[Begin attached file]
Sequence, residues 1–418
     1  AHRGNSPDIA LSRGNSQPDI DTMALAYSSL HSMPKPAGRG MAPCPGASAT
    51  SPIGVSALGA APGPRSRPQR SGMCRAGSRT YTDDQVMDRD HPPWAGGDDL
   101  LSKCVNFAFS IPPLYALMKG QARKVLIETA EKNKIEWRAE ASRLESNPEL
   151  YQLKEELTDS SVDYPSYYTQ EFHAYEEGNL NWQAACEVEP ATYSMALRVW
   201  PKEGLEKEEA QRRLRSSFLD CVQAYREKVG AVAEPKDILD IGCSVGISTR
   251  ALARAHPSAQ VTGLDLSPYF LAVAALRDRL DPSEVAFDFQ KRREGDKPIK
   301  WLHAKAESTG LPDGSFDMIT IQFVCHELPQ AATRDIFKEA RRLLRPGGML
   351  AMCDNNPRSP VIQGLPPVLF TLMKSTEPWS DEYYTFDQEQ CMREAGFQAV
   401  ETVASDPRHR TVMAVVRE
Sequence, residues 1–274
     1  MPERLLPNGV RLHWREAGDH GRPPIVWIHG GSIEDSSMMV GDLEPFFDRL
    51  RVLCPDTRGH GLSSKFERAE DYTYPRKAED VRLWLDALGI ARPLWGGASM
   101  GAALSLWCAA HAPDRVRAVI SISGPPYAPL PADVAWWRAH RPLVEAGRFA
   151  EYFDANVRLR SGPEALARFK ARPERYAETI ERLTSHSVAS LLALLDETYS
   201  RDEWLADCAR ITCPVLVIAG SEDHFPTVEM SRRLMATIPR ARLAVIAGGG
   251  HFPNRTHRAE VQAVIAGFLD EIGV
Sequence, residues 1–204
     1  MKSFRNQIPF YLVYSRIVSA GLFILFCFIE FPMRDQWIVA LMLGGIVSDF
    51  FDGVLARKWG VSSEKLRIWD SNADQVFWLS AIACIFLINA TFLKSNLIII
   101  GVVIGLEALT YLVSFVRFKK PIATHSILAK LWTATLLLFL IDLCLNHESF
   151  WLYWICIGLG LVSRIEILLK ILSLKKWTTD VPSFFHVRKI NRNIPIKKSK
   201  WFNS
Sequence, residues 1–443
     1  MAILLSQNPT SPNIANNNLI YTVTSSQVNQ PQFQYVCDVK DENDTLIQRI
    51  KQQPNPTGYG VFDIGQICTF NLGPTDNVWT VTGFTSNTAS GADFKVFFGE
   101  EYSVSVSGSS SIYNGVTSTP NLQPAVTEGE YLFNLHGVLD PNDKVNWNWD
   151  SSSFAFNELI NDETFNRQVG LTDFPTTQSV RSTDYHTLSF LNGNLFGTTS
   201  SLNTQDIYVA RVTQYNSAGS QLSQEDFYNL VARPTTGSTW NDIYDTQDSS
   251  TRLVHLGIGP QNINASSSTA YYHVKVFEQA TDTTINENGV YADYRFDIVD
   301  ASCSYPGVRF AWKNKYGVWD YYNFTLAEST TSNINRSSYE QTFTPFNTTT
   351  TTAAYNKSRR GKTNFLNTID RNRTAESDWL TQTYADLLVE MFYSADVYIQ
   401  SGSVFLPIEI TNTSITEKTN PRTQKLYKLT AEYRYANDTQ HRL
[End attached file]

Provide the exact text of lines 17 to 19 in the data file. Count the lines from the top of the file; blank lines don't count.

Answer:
   251  HFPNRTHRAE VQAVIAGFLD EIGV
Sequence, residues 1–204
     1  MKSFRNQIPF YLVYSRIVSA GLFILFCFIE FPMRDQWIVA LMLGGIVSDF